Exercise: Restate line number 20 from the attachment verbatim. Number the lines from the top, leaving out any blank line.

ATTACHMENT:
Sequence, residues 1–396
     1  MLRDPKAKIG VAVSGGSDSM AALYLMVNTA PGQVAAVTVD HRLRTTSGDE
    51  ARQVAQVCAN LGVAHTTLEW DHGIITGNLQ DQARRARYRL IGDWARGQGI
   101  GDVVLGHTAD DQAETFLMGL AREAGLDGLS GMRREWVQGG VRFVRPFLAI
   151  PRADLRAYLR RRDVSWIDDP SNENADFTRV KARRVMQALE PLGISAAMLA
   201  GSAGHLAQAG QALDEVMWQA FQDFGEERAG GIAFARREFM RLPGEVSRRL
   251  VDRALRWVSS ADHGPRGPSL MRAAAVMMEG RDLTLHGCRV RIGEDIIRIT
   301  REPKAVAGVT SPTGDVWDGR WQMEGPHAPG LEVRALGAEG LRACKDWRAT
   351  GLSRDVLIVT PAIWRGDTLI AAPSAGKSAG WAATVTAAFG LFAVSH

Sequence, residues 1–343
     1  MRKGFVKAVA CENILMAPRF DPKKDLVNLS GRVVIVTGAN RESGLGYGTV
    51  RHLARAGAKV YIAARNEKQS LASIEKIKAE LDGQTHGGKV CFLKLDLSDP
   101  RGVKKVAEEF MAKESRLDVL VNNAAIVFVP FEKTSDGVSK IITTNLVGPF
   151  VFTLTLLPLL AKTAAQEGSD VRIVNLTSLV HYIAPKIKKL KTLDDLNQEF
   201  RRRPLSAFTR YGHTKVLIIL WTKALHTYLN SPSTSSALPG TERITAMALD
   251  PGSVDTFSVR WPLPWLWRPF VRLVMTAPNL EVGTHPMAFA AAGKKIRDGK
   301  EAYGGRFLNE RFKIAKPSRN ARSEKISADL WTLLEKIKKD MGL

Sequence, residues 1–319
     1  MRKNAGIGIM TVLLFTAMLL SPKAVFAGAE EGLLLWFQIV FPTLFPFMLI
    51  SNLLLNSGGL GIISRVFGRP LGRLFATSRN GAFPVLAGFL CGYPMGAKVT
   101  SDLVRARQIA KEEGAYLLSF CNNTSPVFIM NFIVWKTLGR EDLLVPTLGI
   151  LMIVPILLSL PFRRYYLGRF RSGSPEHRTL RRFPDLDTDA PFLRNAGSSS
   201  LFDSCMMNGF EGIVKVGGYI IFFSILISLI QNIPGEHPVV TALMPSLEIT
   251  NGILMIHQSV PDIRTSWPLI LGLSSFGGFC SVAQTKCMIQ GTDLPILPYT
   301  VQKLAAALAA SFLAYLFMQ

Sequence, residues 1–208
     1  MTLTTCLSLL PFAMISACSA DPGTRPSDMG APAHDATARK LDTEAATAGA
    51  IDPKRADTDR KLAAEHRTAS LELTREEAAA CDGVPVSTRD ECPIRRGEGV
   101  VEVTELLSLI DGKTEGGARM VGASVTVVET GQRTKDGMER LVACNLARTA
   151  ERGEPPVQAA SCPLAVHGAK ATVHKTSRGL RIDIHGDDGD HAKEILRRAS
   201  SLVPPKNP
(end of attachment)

    51  SNLLLNSGGL GIISRVFGRP LGRLFATSRN GAFPVLAGFL CGYPMGAKVT